Cleveland butcher and grocer puts focus on local

0
888
guy making sausage
Trevor Clatterbuck makes andouille sausage at Ohio City Provisions, Feb. 18 in Cleveland. (Rachel Wagoner photo)

CLEVELAND — Everything sold in Ohio City Provisions comes from within the state’s borders.

The all-local butcher and grocer sells fresh-cut meats, eggs, milk, cheese and seasonally-available produce.

Trevor Clatterbuck and Adam Lambert opened Ohio City Provisions in 2016, with the philosophy of providing not only local food, but honest, traceable and high quality food.

“Not all local is created equal,” Clatterbuck said. “We’re not buying local just to buy local. We look at farming practices. You get a trusted, clean source. We’re looking for quality.”

With the exception of a few of the cheeses, everything comes from 100 miles of the shop, on Lorain Avenue, in Cleveland. The beef, pork, chicken and turkey comes from Clatterbuck’s Holmes County farm, Wholesome Valley Farm.

Ohio City Provisions is a seam butcher, meaning the meat is cut off the bone, along muscle groups. They make their own sausage and lunch meat in-house.

What they don’t get from Wholesome Valley Farm, they get from a network of regional farms.

“With a short supply chain, it puts more money back into the producer’s hand, and you can charge a fair price,” Clatterbuck said.

guys in a butcher shop
Adam Lambert and Trevor Clatterbuck opened Ohio City Provisions in 2016 to sell all-local meat, dairy, eggs and produce. (Rachel Wagoner photo)

Straight to the source

Clatterbuck doesn’t have a background in agriculture. He grew up in Wheeling, West Virginia. He has degrees in political science and business management from Case Western Reserve University.

While he was a senior at Case Western in 2008, he started Fresh Fork Market, a weekly subscription service for local foods. Subscribers pick up a bag of local goods — produce, eggs, meat, dairy products and whole grains — sourced from about 100 farms all over northeast Ohio at pick-up locations throughout the region.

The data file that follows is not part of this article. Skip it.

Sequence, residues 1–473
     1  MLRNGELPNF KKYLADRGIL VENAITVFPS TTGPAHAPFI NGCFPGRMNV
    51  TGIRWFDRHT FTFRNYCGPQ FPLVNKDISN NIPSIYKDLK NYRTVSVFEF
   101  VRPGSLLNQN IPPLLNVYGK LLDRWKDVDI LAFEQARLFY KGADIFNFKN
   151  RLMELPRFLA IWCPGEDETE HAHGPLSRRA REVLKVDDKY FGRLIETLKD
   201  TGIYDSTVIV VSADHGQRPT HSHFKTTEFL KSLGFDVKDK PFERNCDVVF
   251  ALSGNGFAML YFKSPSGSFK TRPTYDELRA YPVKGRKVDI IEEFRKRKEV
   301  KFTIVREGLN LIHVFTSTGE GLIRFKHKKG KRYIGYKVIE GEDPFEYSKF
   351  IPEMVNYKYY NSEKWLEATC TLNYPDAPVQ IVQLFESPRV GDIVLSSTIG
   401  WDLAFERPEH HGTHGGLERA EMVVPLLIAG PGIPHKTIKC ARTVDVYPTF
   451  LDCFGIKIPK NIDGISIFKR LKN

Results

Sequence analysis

Clatterbuck said he started his first business because he saw a void in the marketplace.

“I saw it as an economic opportunity,” he said. “Then I fell in love with the industry.”

As Fresh Fork Market grew, he began getting more involved in the farming side of things. The demand for pasture-raised meats was increasing, so Clatterbuck began buying breeding stock.

He started working with Wholesome Valley Farms, an Amish-run farm, to raise animals for his supply. He later bought the farm in July 2015, in anticipation of opening the Ohio City Provisions. He wanted to ensure a steady supply of meat and have more control over the operations.

Around the same time, Clatterbuck and Lambert, a friend and chef, started talking about opening a butcher shop. They wanted to offer the same thing Clatterbuck did through his Fresh Fork Market, but knew not everyone wanted those foods in bulk.

They leased their current spot in Ohio City and, after extensive renovations, Ohio City Provisions opened in November 2016.

Cheese renaissance

Retired chef Parker Bosley came in to beef up the selection of cheese in the shop.

Bosley grew up on a dairy farm in Trumbull County. He studied cooking at the La Varenne School in Paris and ran his own restaurant, Parker’s New American Bistro, in Cleveland, that focused on serving foods produced by local farmers for more than 20 years.